Posts Tagged ‘culture’

Fan Mail: Suchitra Mattai

Suchitra Mattai. Generally, I don’t think that way II, 2016; mixed media installation; dimensions variable. Courtesy of the Artist. Photo: Wes Magyar.

Suchitra Mattai’s work turns about conceptual and material inversions. It thrives on site-specificity while rejecting its basic premise—that specificity necessarily connotes place-ness. Having been raised on two separate continents and with cultural heritages tracing back to a third, Mattai is familiar with incongruities between the illusory promise of place and her lived experiences. Her practice is disjointed and dreamlike, yet throughout her uneasy landscapes runs[…..]

Letter from the Editor

Romare Bearden. The Block II, 1972;
collage of various papers with foil, paint, ink, graphite, and surface abrasion on seventeen fiberboard and plywood panels.
© Romare Bearden Foundation

Last week, Deadline reported that the New York Times discontinued regional coverage of the arts. Significantly, in her August 6 column, NYT Public Editor Liz Spayd asked, “Why should a newsroom that just announced lofty international ambitions spend resources covering news of no interest to readers in Beijing and London?” Below the surface of this question lies the implication that cultural events happening in smaller[…..]

Albert Yowshien Kuo: Gonna Be Alright at Hoffman LaChance Contemporary

Albert Yowshien Kuo. Still Boxing, 2016; Oil and Mixed Media on Canvas; 70 x 66 in. Courtesy of Albert Yowshien Kuo. Photo: Albert Yowshien Kuo.

Albert Yowshein Kuo’s solo exhibition, Gonna Be Alright, at Hoffman LaChance Contemporary features three large paintings. In them, he depicts figurative tableaux that obliquely reflect social values such as race and gender. The paintings are familiar and unfamiliar, timeless and contemporary. To simply say that Kuo’s juxtapositions of figures and scenes is surreal would be too easy a summation. While painted in a traditional style[…..]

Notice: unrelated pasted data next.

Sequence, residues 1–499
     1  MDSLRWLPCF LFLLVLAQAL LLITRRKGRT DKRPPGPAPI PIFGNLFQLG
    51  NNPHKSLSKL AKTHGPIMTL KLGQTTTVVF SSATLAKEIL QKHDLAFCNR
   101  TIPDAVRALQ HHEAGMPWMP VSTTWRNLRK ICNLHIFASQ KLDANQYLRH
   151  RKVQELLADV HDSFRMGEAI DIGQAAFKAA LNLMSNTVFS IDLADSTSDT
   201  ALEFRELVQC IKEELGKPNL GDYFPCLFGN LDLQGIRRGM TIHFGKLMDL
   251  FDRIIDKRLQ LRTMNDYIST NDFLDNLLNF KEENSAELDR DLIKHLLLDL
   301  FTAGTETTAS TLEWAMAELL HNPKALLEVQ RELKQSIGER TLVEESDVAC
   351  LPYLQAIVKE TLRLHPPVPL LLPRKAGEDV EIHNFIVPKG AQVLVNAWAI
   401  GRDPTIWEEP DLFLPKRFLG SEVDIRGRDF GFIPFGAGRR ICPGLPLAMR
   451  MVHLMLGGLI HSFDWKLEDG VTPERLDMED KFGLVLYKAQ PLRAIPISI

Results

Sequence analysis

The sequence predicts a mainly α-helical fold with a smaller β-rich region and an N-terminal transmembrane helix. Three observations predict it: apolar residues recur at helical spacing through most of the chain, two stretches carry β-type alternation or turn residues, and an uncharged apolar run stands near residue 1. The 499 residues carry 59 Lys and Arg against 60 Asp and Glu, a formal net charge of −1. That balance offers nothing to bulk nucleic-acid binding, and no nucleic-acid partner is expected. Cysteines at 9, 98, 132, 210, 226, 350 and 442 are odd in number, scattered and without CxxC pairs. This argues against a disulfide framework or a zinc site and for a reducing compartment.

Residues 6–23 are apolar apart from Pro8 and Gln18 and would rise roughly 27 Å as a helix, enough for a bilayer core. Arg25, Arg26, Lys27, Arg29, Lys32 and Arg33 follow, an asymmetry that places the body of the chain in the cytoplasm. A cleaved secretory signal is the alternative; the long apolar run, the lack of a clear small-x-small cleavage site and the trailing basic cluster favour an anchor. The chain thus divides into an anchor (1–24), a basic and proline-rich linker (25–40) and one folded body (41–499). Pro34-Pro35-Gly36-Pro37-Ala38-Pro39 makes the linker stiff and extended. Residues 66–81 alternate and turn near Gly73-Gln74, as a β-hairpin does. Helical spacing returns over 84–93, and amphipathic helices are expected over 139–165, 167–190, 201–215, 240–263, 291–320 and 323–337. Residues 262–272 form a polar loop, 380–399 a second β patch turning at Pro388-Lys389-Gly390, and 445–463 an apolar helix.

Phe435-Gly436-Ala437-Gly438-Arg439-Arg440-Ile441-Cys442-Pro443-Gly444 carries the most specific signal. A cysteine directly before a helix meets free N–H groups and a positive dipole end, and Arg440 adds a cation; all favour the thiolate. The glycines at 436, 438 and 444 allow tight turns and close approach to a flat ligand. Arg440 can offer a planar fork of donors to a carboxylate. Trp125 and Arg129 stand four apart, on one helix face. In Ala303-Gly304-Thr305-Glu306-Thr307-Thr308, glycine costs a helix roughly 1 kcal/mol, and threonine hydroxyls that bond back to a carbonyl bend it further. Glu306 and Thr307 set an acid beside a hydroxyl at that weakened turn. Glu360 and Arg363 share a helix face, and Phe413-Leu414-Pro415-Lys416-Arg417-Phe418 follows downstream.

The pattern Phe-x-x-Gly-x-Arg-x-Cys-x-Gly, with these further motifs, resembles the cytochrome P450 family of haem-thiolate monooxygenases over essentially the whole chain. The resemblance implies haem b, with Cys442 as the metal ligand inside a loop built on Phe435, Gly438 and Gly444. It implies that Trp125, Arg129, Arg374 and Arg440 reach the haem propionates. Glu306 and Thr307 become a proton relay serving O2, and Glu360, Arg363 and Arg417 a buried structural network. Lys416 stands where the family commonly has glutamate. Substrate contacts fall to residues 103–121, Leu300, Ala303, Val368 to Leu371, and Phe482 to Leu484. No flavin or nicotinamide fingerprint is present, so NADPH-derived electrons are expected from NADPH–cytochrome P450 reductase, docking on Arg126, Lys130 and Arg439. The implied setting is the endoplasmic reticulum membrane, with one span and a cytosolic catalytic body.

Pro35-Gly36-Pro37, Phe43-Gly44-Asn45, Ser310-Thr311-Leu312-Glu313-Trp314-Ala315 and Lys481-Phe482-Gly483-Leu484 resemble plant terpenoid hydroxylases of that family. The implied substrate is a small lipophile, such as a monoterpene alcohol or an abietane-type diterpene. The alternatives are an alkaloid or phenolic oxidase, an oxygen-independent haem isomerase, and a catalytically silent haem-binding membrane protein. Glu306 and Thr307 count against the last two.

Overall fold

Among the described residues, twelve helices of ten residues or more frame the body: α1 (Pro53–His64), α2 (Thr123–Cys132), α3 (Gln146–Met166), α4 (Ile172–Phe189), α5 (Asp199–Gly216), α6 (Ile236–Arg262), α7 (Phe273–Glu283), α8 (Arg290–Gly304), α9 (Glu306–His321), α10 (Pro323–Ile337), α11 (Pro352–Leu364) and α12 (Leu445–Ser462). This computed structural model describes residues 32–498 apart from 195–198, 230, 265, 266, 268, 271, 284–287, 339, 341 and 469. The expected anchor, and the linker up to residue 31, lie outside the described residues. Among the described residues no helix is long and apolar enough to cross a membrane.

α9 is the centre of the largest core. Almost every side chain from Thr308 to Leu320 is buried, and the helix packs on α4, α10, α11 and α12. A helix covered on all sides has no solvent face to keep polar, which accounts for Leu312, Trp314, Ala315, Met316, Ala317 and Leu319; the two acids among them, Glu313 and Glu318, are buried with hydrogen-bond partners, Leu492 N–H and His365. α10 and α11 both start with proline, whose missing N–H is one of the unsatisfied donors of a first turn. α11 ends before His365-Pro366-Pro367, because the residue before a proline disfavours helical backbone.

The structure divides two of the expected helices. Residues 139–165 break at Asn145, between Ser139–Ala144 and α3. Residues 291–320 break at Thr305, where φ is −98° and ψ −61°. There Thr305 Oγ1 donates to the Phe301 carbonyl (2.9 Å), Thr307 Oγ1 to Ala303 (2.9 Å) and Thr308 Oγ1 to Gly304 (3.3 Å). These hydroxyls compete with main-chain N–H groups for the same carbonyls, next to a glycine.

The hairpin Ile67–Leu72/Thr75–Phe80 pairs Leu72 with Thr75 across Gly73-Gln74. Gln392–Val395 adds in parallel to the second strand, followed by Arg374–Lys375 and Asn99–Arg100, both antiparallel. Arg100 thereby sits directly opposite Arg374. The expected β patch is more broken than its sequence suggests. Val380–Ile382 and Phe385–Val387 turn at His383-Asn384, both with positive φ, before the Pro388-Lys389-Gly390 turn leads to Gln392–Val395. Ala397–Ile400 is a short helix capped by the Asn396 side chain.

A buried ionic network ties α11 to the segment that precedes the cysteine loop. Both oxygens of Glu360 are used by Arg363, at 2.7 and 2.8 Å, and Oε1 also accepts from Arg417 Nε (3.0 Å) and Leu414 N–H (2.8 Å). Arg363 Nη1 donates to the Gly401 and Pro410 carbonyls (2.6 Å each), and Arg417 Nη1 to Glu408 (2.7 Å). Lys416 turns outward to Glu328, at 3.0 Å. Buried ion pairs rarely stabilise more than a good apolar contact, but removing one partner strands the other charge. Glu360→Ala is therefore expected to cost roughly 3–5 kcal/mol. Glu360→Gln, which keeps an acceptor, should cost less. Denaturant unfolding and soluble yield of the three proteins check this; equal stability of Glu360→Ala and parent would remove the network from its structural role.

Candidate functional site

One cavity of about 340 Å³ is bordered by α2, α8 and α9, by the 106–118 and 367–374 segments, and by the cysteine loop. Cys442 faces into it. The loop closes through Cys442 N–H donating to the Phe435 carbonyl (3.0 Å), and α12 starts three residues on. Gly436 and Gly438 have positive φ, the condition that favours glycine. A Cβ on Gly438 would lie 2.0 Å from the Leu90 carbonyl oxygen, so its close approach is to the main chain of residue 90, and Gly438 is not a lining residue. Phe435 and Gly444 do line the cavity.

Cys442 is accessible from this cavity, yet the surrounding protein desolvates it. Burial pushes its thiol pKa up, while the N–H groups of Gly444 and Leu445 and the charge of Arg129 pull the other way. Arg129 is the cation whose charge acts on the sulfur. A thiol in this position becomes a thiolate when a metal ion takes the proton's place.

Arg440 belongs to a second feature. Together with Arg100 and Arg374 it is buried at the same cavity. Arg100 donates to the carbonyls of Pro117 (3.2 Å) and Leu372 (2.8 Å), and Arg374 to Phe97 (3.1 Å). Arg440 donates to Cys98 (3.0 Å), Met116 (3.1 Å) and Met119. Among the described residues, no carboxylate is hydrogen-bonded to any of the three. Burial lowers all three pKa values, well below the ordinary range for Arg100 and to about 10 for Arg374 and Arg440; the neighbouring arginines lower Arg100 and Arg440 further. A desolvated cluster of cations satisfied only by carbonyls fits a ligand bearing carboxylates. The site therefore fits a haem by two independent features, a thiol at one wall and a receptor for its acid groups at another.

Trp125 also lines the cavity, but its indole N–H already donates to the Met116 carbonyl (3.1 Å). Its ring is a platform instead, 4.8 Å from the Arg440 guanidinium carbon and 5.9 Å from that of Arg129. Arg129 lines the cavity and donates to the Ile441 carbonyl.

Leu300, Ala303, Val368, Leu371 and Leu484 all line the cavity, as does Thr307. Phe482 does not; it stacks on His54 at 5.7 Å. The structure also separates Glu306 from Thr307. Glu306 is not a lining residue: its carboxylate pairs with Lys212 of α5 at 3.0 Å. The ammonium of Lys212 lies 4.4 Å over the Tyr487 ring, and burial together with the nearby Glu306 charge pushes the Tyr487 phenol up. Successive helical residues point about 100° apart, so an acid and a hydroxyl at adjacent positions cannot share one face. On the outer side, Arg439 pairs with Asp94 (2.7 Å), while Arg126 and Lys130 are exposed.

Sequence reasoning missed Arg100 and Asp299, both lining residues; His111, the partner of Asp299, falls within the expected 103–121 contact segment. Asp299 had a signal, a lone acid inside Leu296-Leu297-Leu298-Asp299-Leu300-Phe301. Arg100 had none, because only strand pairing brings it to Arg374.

#Hashtags: Convergences and Displacements

Community assists with evacuation of Townhouse library and archives, April 9, 2016. Photo courtesy Townhouse Gallery.

#Townhouse #Cairo #gentrification #urban #culture #displacement This past week has left the venerable nonprofit Townhouse Gallery shaken. Though the attempted demolition of its building at 10 Nabrawy Street in Cairo has been halted, the gallery is faced with months of work ahead to secure its future. Operating since 1998, Townhouse is known for drawing international artists and thinkers to Egypt, and nurturing an emerging network of[…..]

Kehinde Wiley: A New Republic at Seattle Art Museum

Kehinde Wiley. Mrs. Waldorf Astor, 2012; oil on linen; 72 x 60 inches. © Kehinde Wiley.

A New Republic at Seattle Art Museum is Kehinde Wiley’s second solo exhibition organized by the Brooklyn Museum. In his brief fifteen-year career, Wiley has quickly become an established cultural trope. His works have adorned the set of Empire and served as icons of the FIFA World Cup. His portraits of Black men and women are at once celebrated as a vision of Black empowerment[…..]

Locating Technology: Raiders and Empires

Stephanie Syjuco. RAIDERS: International Booty, Bountiful Harvest (Selections from the Collection of the A____ A__ M_____) (installation view), 2011; digital archival photo prints mounted onto laser-cut wood, hardware, crates; dimensions variable. Courtesy of the Artist and Catharine Clark, San Francisco.

From our partners at Art Practical, today we bring you Genevieve Quick’s most recent “Locating Technology” column, a consideration of artist Stephanie Syjuco’s process and practice: “[Syjuco] prompts viewers to consider more broadly the legality and ethics of museums’ collections, and suggests that museums are institutions of cultural appropriation.” This article was originally published on October 27, 2015. Much of the history of museum collections is related to[…..]

Anicka Yi: You Can Call Me F at The Kitchen

Anicka Yi. Installation view of You Can Call Me F at The Kithcen in New York City , 2015.

At the entrance to the black box of the Kitchen’s upstairs gallery, a long vitrine houses an illuminated culture of bacteria on agar jelly. The cracked slab teems with biological entities colored like bruises on sallow skin. Imprinted with capital letters, it reads: YOU CAN CALL ME F. Anicka Yi’s current solo show stages part breeding ground, part containment camp for “F”—the feminine, the woman[…..]